Transgender Patient Care
Our current featured article is by Rebecca M. Carabez, PhD, RN ;Michele J. Eliason, PhD and Marty Martinson, DrPH title “Nurses’ Knowledge About Transgender Patient Care: A Qualitative Study.” This article is available for download at no cost while it is featured on the ANS website! Dr. Eliason sent this message about her personal experiences embarking on a career focused on LGBTQ health:
In 1988, I started my first study of LGBTQ issues in nursing, and I was NERVOUS! I had escaped a homophobic healthcare clinic setting for the supposedly academic freedom environment of the university the year before, but they had hired me as a developmental psych person. Nothing on my vita indicated an interest in LGBTQ issues at that
point, nor had these issues every been discussed in my formal education, except for an off-handed comment about homosexuality being a mental disorder in one psychiatric nursing course I took.
I talked to my research mentor at the time, who told me, “It’s all well and good that you do this type of research, but just make sure that you get 2 or 3 publications in legitimate areas for every one you do on this topic.” I did that, but even then, had some challenges when I came up for tenure. I am glad to report that things have shifted in nursing since then, and articles on LGBTQ issues are becoming much more widespread. Now people are able to say LGBTQ and now what it means. Even Donald Trump, halting and awkward as it was, uttered the initials at the Republican National Convention and called for equal rights (it might be the only sensible thing he has ever said on the campaign trail). We have made progress on LGB issues, but the growing edge of our movement in the past few years has been related to transgender issues.
In regards to this particular study, on nurses’ knowledge of transgender health care needs, our findings demonstrated that nurses’ willingness to work with diverse patients is laudable, but their lack of knowledge and fund of misinformation is quite alarming. This study was conducted in the San Francisco Bay Area, where presumably, nurses have much more exposure to LGBTQ issues than in many other places, but even here, we encountered negative attitudes and nurses saying that they never learned anything about this population in their educational programs or in continuing education.
This study was part of a much larger project on LGBTQ issues more broadly initiated by Rebecca Carabez, and a team
of nursing students worked on the project. One identified as transgender, and we watched as they struggled with finding employment when the student’s appearance did not match their gender on legal documents, and who became more depressed as time wore on without meaningful employment. Transphobia has material consequences on individual’s daily lives—without adequate employment, transgender people are likely to live in poverty and suffer all the negative consequences of that poverty, from lack of any regular source of healthcare (leading to getting needed hormones and other treatments on the street), to “illegitimate” employment in the drug or sex trades, homelessness, and other serious issues. We found in our study that many nurses laughed when talking about transgender issues—that nervous kind of laugh that means, “I’m really uncomfortable with this question.” They often gave long, rambling, circuitous answers to the questions that indicated that they really had no idea how to answer. Few were overtly negative about transgender patients, but imagine what it would be like for a transgender patient to try to communicate with a nurse who was that uncomfortable.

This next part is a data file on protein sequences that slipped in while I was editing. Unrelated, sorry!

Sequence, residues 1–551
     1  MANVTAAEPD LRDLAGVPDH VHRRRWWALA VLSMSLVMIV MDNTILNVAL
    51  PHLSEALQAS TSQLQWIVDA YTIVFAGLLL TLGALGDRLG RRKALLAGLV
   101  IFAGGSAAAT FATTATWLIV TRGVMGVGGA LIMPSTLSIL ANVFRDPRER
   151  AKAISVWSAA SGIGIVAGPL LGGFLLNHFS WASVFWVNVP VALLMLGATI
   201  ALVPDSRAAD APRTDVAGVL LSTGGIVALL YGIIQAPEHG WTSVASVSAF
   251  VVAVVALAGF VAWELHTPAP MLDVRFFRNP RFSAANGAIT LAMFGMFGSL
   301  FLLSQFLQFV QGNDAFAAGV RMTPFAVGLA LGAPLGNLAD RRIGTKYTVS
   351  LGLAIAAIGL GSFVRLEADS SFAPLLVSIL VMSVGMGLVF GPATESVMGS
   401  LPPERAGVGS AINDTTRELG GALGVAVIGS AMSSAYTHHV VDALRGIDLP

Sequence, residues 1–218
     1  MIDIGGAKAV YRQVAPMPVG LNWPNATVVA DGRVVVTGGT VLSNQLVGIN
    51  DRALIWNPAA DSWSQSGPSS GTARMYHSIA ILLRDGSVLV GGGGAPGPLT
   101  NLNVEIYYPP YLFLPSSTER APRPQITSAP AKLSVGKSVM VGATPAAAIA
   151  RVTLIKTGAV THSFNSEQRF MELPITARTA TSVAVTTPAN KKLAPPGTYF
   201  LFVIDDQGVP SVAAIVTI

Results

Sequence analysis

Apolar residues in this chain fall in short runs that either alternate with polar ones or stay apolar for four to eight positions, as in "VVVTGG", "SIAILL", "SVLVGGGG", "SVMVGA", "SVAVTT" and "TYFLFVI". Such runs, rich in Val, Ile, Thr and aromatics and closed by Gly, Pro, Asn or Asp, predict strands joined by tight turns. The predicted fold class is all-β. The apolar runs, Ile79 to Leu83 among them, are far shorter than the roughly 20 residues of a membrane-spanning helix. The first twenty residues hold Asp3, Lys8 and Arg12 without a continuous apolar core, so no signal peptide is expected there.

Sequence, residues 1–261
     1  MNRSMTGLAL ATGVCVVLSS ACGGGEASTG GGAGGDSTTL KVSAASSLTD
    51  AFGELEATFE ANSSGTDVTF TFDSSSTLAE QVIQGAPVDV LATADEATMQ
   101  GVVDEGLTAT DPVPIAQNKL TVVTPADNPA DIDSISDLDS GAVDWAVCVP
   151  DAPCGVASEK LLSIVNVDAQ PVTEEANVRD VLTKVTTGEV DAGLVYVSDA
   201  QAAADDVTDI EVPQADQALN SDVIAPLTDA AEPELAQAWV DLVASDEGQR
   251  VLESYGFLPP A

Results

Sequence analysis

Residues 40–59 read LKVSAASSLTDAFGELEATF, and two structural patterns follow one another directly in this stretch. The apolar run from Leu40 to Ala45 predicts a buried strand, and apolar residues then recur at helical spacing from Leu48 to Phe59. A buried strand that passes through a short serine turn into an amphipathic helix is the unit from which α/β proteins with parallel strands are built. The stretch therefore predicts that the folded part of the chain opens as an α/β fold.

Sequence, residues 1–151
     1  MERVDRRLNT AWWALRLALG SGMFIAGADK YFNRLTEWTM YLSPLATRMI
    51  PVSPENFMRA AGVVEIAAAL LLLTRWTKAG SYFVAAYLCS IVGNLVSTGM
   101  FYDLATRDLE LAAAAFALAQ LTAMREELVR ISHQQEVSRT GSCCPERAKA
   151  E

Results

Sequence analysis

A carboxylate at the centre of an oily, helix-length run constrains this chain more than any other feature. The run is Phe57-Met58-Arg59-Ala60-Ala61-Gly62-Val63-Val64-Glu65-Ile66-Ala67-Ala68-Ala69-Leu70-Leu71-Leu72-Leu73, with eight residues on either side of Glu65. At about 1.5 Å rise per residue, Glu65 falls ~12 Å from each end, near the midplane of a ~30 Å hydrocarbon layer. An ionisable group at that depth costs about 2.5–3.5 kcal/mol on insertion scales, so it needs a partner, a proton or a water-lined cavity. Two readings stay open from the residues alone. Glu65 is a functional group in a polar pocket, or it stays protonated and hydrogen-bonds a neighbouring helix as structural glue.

My co-authors and I had long discussions about gender. We all identify as sexual minority women, but none of us as transgender or genderqueer. We tried to imagine ways to break down the gender binary that has been in operation in our own lives but like most others, we are somewhat entrenched in that system and it is hard to imagine life without the breaking down of people into two genders. It requires a radical transformation in thinking and in language itself. We firmly believe that this transformation is necessary, not just to improve services for transgender patients, but for all patient care, because the gender binary and gender stereotypes have hurt us all.
We hoped that our article might start some conversations among nurses about how to treat their transgender clients/patients more respectfully, but even more, about how to have hard conversations about the nature of gender and sexuality and ultimately, how we treat each other. I am gratified that today, unlike the late 1980s when I started writing about LGBTQ issues in nursing, that there is now a willingness to publish articles on these topics and to discuss how to integrate them into nursing education. Talking and writing about LGBTQ issues is a first step, but I challenge you to read the article and ask yourself, “What can I do personally to effect change for transgender patients in my nursing setting?”